Burton took her team back to her hometown in the North of England for inspiration, and also to tap into the local mills, with names like William Halstead, John Foster, Bower Roebuck, Savile Clifford and Joshua Ellis. The result was the most inventive tailoring seen anywhere this season: complex, multi-pinstripe mixes used in mannish City of London suits; remarkable strict jackets from which flared pleated mini trains; and posh punk houndstooth suits.
Her first looks set the agenda: two imaginatively cut tails, worn without shirts, with pleated sashes dangling from one side. Classy yet punchy, since they were anchored with McQueen bovver boots, whether with contrasting red laces, or covered in dense clusters of silver studs.
“McQueen is always about tailoring. Lee [Alexander] worked on Savile Row. It’s how we started. That’s the backbone of what we wear; but being both masculine and feminine at the same time,” explained creative director Burton.
For chilly northern nights, army great coats – policeman blue up top, declining to large plaid at the knees. Everything just a tad off kilter, and all the more beautiful for that.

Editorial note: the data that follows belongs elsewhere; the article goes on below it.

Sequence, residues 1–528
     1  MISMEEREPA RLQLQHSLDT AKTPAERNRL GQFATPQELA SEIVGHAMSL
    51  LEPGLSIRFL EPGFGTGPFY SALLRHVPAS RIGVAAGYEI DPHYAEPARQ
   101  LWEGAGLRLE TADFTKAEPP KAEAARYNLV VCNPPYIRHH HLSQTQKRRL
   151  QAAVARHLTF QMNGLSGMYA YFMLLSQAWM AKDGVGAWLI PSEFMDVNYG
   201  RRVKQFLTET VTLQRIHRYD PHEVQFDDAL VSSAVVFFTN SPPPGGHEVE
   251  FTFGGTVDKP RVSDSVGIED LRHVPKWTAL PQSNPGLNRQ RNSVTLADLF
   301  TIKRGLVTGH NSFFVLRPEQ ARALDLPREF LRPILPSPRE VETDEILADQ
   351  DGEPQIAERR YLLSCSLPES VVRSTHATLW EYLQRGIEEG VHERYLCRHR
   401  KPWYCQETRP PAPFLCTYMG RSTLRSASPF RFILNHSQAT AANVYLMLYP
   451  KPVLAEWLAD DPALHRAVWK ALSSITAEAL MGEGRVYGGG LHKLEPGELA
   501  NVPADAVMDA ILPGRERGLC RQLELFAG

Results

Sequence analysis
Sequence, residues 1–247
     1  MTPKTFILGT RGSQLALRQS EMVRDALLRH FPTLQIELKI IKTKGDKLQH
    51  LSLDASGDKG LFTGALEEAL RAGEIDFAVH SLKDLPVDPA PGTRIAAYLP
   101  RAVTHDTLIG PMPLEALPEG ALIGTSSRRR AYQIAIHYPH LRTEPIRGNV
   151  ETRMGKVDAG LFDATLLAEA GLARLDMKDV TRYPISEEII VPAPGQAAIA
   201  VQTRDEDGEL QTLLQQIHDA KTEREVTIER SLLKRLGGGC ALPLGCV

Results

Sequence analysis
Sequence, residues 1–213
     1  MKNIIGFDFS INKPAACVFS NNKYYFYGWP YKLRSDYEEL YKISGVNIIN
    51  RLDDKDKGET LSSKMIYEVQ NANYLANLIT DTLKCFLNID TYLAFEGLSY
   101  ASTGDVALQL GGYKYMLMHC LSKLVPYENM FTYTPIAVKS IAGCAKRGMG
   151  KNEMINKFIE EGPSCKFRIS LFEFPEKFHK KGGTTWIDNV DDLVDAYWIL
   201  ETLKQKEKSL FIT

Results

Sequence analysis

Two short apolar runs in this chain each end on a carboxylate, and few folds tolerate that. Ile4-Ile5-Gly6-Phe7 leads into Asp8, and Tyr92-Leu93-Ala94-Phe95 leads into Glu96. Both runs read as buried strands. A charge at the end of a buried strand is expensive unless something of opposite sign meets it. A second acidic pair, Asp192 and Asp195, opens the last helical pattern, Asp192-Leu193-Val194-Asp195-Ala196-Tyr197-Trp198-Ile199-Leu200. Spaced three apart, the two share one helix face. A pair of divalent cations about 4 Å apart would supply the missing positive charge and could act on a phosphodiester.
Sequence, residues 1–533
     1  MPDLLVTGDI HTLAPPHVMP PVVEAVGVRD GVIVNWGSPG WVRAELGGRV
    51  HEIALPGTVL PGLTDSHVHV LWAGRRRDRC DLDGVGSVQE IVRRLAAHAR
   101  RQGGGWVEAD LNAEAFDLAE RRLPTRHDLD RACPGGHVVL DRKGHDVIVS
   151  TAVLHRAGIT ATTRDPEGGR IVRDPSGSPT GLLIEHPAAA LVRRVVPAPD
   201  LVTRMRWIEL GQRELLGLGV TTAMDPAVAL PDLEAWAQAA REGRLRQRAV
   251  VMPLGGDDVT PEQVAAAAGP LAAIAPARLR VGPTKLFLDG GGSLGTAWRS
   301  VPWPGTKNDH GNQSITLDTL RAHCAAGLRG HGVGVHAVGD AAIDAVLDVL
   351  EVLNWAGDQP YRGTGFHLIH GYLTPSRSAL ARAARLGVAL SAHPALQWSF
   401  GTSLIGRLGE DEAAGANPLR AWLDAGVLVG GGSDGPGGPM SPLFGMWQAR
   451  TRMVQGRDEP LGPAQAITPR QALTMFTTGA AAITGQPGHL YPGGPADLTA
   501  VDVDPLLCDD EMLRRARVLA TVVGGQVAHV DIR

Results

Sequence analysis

“I took my team back to the mill towns and wild country where I come from, in the Derbyshire foothills. So this is the juxtaposition of two worlds, the reality of cities versus the beauty of nature,” added an emotional Burton backstage.
The fabrication and fabrics were consummately British, as was the setting. Though staged in one of Paris’ top high schools – Lycée Carnot – guests sat on huge, and comfortable, bolts of woolen and worsted materials.
Plus the accessories were brilliant; a half-dozen hoop ear loops worthy of a Maasai, metallic chokers, chain mash bandoleers and harnesses, abstract glass bauble necklaces.
And then for her finale, Burton went into overdrive with a dazzling jewel-encrusted Valkyrie dress that looked like it was organically sprouting chain, beads and crystals. Before some remarkable duchesse satin volume gowns, scrunched and ruched up into giant fabric roses: one in red, the next white.
“It’s the War of the Roses. That’s where I am from,” giggled Burton, showered in compliments, and standing before the most beautiful mood board imaginable. Practically a work of art in itself.
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